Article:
Today, social media is driven from mobile phones: Rohit Varma
Social Media Week (SMW), the international conference held in more than 40 countries, concluded last week in Mumbai. Hosted by R Square Consulting, the conference this year sported the theme of ‘The Invisible Hand: Hidden Forces of Technology’ (and how we can harness it for good) and brought together well-known digital experts.
Social Media Week is a leading news platform and worldwide conference that curates and shares the best ideas, innovations and insights into how social media and technology are changing business, society and culture around the world. Human connectivity is being reimagined and SMW seeks to understand how humanity and technology will come together to change the ways we live, work and create.
“We are excited to see the traction which SMW Mumbai could bring for the marketing and advertising community. The audience was able to learn, engage and converse with speakers and peers who have similar passions. Passions include excelling in marketing through the use of social media,” remarked Rohit Varma, Co-Founder & Managing Partner, R Square Consulting and Founder, Social Media Week.
In conversation with Adgully, Rohit Varma sheds more light on the Social Media Week, the major issues highlighted, social intelligence, growth of social media and more. Excerpts:
What is the genesis behind Social Media Week?
Social Media Week started in New York eight years ago. We brought Social Media Week to India in 2013 because we felt the philosophy was great, it is a crowd sourced platform, which means the content comes from the communities, organisations or individuals and thus the content is different and very original. The content at Social Media Week is very relevant for everyone – be it brands or agencies talking about new platforms, new ideas, and analysing what is right for you and what is not right for you. That’s how Social Media Week as a platform works.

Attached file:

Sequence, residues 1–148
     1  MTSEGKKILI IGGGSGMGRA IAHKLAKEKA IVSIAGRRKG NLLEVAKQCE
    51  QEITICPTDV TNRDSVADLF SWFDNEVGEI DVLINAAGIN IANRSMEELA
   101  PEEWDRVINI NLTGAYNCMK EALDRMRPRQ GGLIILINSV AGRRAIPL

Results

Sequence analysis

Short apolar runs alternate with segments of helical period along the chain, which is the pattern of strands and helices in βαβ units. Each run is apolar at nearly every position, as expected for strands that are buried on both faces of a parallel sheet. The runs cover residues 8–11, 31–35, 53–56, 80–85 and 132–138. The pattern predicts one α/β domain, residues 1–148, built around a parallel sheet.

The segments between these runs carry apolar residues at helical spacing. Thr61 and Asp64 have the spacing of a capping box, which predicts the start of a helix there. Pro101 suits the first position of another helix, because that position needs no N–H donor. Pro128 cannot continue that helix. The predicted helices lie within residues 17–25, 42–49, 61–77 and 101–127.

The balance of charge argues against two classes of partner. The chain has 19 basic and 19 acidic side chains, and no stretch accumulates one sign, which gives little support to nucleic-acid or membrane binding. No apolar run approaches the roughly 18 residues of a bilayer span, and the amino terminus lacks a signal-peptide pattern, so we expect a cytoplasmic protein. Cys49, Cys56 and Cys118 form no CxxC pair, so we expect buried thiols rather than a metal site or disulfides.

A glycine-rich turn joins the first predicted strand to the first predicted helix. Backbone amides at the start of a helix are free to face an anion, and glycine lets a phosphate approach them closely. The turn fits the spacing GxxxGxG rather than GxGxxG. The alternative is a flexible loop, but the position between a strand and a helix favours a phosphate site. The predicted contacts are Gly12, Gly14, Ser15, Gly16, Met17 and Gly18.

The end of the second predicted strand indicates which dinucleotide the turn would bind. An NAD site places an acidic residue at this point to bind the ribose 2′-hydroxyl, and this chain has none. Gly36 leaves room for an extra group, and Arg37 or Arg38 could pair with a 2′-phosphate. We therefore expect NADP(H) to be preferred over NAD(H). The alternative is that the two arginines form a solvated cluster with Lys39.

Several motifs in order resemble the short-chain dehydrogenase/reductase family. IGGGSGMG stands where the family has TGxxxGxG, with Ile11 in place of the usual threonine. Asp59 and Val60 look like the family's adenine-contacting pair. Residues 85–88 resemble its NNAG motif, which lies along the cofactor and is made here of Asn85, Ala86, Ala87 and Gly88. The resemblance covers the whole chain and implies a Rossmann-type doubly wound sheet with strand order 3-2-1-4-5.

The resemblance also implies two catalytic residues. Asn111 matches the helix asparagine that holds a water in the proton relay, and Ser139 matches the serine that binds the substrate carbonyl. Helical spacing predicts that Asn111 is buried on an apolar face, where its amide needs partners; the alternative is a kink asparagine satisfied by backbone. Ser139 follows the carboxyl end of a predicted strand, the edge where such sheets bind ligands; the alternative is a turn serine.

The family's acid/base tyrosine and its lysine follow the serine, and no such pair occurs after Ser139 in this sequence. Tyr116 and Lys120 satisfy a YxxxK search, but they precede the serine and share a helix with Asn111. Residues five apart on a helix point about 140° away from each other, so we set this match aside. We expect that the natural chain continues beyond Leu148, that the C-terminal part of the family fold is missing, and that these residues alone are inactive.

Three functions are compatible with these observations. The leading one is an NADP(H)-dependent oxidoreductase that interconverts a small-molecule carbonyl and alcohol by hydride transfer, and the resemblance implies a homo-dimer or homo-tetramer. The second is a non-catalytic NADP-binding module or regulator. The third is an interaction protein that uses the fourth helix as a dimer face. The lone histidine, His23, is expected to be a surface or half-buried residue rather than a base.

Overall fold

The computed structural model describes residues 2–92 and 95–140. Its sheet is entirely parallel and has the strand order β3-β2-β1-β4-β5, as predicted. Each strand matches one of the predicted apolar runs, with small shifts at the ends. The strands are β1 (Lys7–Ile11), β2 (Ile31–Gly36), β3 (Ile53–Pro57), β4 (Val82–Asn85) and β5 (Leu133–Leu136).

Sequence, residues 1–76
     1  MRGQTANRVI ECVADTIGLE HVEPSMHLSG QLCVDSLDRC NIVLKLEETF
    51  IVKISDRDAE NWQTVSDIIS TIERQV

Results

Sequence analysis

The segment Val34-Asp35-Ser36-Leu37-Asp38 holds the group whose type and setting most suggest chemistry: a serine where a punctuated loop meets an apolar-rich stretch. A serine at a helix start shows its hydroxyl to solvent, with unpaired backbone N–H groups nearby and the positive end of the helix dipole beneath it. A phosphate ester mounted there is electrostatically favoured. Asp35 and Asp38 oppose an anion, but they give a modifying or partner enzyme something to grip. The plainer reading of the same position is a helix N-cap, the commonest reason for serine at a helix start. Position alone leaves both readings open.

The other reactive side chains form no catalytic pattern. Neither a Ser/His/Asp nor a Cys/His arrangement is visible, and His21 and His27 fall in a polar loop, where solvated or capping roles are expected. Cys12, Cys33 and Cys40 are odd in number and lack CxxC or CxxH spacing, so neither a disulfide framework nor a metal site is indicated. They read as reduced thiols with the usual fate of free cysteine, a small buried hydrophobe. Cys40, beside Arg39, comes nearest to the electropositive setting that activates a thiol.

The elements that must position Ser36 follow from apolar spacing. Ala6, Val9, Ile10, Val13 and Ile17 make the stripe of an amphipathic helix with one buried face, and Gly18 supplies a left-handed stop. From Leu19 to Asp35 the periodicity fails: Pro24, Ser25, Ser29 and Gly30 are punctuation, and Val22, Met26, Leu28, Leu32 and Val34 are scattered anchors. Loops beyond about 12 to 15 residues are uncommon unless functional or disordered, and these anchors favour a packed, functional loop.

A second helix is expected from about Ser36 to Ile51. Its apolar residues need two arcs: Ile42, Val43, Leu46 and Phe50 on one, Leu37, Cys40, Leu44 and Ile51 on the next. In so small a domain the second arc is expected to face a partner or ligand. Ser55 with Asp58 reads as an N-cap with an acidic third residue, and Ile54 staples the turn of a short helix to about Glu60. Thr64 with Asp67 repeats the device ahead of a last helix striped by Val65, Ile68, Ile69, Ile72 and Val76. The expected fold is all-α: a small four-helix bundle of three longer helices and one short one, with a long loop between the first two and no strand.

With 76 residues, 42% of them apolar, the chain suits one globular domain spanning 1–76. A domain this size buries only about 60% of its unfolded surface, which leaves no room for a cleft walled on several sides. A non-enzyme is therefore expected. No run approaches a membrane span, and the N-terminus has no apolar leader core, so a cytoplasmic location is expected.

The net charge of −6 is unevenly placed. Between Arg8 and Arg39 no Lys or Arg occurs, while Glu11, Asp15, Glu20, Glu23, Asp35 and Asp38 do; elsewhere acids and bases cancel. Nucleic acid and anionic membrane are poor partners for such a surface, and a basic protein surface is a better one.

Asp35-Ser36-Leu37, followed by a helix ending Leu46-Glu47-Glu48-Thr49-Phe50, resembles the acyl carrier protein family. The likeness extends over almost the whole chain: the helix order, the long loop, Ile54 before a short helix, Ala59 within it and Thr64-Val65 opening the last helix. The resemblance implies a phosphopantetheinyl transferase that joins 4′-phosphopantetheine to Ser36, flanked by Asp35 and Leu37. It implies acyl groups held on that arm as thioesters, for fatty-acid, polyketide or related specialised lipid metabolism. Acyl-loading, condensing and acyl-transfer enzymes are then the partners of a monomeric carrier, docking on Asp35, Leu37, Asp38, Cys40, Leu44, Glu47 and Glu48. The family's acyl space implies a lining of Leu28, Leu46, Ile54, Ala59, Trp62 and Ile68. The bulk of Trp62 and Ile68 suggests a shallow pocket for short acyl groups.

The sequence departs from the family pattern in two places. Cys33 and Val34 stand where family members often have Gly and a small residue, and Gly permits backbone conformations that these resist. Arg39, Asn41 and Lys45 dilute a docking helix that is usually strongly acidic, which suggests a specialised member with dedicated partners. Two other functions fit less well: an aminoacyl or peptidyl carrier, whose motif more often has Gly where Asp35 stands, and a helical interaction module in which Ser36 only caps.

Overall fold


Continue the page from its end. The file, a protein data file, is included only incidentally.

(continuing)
What were the issues and topics highlighted during the Social Media Week this year?
The biggest part that we are looking at to address right now is how effectively different new platforms can be worked looking at the analytics. Hence, the last session was specifically on analytics and explored whether analytics is the new way of doing research to figure out how consumers are behaving today and how to engage with them and how brands should see is consumers are getting into the mode of conversion and how they are looking at buying a product. Whatever marketing that we do, be it in mainstream media or online media, the whole effort is to get the mind share in terms of business. That is very critical and that is what we are looking at. The next part is content – figuring out the right content for your audience. So, it involves going back to the specific audience and finding out what they are looking for and setting your content accordingly. And it that way, your audience can be very helpful in giving you the content, which is what we call user generated content (UGC).
Could you shed some light on the theme – ‘Invisible Hand: Hidden forces to Technology’. What, according to you, are those hidden forces?
When we talk about hidden forces, we largely talk from the data perspective – how do I read the data which is coming, how do I use that effectively, how do I decide my marketing campaigns looking at the data that I am getting? Today, we are all heavy users of mobile phones to be on social media. So, largely today, social media is driven from mobile phones. Thus knowing consumers’ behaviour on mobile phones is critical here, based on which you can start doing very targeted marketing, and that is what we call re-targeting marketing or programming or behavioural marketing. So data is something that helps a lot today in deciding on your marketing efforts, and that is what we addressed in this edition of SMW Mumbai.
How much social media is good for business? Do you think there is an over-reliance on social media today?
No, I don’t think so. You look at the amount of investment that is happening on social media or say same digital media itself, which sums up to around 13 per cent of the overall marketing budget. You still have a lot of investment going on in traditional media. The expectations that we have from social media is way high because that is social in nature, so you expect that you will get a large amount of response. However, you need to understand that it is a medium. Unless you understand how to interact, how to converse, you will not be able to drive that. Some brands have understood it and have figured out how to fuel and to do the right conversations and they have seen the returns.